Ravi Zacharias’s fall has been one of the most prominent evangelical scandals in recent times. After the release of the final report the RZIM board commissioned into his conduct, there can be little doubt that Zacharias, once one of the world’s most popular Christian apologists, was a liar, a hypocrite and a prolific sexual predator. The signs began emerging a few years ago, beginning with accusations of credential inflation, a sexting scandal in 2017 that was stridently denied, and finally, revelations that he had sexually abused numerous massage therapists. Ravi Zacharias was a fraud.
Where does that leave us regarding the many books Zacharias wrote or co-authored? He wrote dozens of highly popular Christian apologetics books, selling millions. This hasn’t stopped those promoting his books from taking swift action. HarperCollins Christian Publishing, the largest publisher of Christian books in the United States, are taking his books out of print. Australian Christian book shop Koorong Books is no longer offering books solely authored by Zacharias for sale. David Deane writes that he will no longer recommend Zacharias’s work to others.
Not everyone is convinced that Zacharias’s books should be discarded, though. John Stackhouse, Jr writes that there is much of value to be found in the writings of many Christians who were notorious sinners. He cites Karl Barth, well known for his long-term adulterous affair, and Martin Luther, amongst others. Clearly, a Christian writer’s fall from grace does not automatically invalidate all they have written. And we all know our own sins, and yet we expect God will continue to use us and our efforts. So if Zacharias’s books are valuable apologetics works in their own right, why not keep using them, just like we do the works of Barth and Luther?
I think one significant problem with using Zacharias’s books for now is the proximity to the timeline of his failings. There has been world-wide media coverage of his fall, disgracing the gospel, and to continue to recommend his books seems like we aren’t too concerned about his moral failures. It could even be seen as subtly defending him. There are dozens of victims of his sexual harassment, and they need to be followed up, apologised to, offered counselling, and compensated. Continuing to promote his books seems to demonstrate a lack of appreciation of the tremendous impact of Zacharias’s sin on others. By contrast, Barth died over 50 years ago, and so few, if any, affected by his sin remain alive today.
There’s also the issue of the relationship between apologetics and character. Zacharias has also shown himself to be a serial liar and a fraud, and that directly undermines trust in what he has written. As Nathan Campbell has said, apologetics is about persuasion, and Zacharias’s moral failures surely render his arguments less persuasive once someone learns of them. Ironically, Zacharias condemns himself when he writes: ‘I have little doubt that the single greatest obstacle to the impact of the gospel has not been its inability to provide answers, but the failure on our part to live it out …the way one’s life is lived out will determine the impact. There are few obstacles to faith as serious as expounding the unlived life …This call to a life reflecting the person of Christ is the ultimate calling upon the apologist. The skeptic is not slow to notice when there is a disparity, and because of that, may question the whole gospel in its supernatural claim’.1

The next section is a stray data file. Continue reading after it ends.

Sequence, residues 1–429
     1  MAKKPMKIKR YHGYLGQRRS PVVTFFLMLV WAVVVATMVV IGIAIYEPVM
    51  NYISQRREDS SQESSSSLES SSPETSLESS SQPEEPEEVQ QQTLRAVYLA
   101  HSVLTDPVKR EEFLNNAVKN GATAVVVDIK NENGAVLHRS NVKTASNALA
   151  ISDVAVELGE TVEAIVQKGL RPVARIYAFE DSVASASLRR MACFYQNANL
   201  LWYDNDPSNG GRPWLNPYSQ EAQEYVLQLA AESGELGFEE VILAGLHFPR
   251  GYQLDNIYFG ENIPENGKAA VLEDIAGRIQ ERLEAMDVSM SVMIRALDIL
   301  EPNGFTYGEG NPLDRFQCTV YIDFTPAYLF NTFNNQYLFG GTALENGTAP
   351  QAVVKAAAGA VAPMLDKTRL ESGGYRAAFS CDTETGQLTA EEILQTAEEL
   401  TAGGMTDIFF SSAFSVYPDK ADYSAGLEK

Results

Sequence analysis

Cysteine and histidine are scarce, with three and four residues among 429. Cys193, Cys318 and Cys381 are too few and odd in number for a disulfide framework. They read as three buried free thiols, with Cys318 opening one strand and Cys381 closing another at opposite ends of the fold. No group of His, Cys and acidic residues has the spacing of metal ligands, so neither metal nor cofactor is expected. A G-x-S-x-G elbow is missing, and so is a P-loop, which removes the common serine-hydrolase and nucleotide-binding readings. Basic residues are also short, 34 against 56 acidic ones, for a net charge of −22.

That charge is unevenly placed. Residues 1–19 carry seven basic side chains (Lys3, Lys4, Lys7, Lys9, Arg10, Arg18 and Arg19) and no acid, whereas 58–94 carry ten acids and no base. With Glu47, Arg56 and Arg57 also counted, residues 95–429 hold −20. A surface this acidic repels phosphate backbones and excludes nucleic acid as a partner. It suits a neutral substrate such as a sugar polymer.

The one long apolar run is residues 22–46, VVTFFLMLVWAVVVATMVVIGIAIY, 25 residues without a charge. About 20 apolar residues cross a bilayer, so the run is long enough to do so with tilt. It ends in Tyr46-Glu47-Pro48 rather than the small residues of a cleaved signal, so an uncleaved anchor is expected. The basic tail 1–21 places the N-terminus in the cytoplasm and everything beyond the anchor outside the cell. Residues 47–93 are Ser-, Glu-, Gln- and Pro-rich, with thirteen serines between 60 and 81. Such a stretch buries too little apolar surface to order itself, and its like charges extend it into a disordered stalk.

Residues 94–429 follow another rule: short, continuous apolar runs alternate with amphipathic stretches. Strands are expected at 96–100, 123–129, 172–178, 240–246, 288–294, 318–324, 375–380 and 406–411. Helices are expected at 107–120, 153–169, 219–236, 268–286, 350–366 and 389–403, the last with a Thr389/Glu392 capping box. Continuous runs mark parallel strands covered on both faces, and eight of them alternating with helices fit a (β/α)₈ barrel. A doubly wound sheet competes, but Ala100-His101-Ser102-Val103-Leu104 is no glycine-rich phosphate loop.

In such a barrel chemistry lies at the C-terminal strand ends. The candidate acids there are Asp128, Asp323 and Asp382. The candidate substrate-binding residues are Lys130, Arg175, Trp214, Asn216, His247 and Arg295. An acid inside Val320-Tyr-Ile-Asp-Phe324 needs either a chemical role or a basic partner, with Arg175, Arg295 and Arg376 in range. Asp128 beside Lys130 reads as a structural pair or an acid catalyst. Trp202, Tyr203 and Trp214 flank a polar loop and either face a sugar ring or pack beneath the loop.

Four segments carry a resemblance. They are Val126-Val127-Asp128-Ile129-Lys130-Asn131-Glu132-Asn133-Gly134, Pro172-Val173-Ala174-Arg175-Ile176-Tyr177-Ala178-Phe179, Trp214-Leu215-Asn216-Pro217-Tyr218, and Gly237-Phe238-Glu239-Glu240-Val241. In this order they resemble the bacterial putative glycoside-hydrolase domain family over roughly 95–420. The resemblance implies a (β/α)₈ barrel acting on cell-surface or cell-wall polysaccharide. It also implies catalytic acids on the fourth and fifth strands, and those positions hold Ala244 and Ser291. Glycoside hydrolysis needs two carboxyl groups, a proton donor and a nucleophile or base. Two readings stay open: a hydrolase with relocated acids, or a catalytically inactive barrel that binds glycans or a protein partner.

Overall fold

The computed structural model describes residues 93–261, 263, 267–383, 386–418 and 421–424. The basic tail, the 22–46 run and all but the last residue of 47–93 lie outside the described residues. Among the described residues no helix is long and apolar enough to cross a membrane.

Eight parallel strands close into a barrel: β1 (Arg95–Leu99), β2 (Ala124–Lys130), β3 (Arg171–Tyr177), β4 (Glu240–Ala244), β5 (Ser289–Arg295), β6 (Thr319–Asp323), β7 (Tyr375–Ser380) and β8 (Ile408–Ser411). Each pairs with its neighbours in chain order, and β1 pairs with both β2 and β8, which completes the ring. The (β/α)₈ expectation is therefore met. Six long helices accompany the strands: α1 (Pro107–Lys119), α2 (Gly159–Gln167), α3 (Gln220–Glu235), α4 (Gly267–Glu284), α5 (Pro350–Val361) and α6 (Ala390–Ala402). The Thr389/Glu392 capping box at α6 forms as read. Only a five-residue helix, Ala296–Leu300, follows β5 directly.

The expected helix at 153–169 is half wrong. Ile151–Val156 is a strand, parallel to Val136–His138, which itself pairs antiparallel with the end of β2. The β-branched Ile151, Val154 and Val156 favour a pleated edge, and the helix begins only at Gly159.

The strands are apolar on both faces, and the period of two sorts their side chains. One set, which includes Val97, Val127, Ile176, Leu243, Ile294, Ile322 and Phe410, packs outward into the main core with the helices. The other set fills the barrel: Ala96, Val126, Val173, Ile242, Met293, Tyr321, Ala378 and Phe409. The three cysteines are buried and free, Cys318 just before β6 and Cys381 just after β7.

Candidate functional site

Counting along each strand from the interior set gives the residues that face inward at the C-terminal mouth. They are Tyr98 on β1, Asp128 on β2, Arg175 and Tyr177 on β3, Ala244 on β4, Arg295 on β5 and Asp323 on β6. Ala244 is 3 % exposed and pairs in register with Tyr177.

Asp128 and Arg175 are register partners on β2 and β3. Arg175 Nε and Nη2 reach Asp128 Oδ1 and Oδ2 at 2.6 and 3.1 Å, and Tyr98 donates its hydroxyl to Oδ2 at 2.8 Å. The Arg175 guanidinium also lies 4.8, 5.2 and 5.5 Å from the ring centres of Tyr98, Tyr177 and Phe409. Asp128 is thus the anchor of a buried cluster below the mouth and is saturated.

Perhaps the best approach is to let time do its work in salvaging what’s of worth in Zacharias’s writings. If we lay his books aside for at least a few years, we might get a better perspective on what has value. None of what he has written seems to qualify as solid scholarship, as opposed to the writings of Barth and Luther. It’s popular apologetics, and perhaps it won’t be missed. John Stackhouse Jr certainly wasn’t impressed by his work. There are many others writing in this space.
Of course, if you own some of Zacharias’s books, it might be that you find them personally helpful for their content, and so you might have good reason to keep them. I threw away my Lance Armstrong books when he proved to be a drug cheat, but that made his entire life story a fraud. With the exception of his autobiography, Zacharias’s books aren’t about his life story, they are about apologetics, and so there’s bound to be some useful material we can draw upon if we own his books. Really, this post should ask if we should keep recommending his books to others, not if we should throw them away.
Finally, let’s keep in mind that there may be much more to emerge regarding the Zacharias story – for example, we don’t know the full story behind his frequent solo visits to Asia, and I’m not looking forward to finding out. His fall might have further to go.
1In an article called The Apologetic of the Apologist, which appears to have been removed from the RZIM site but which has been cached by Google here.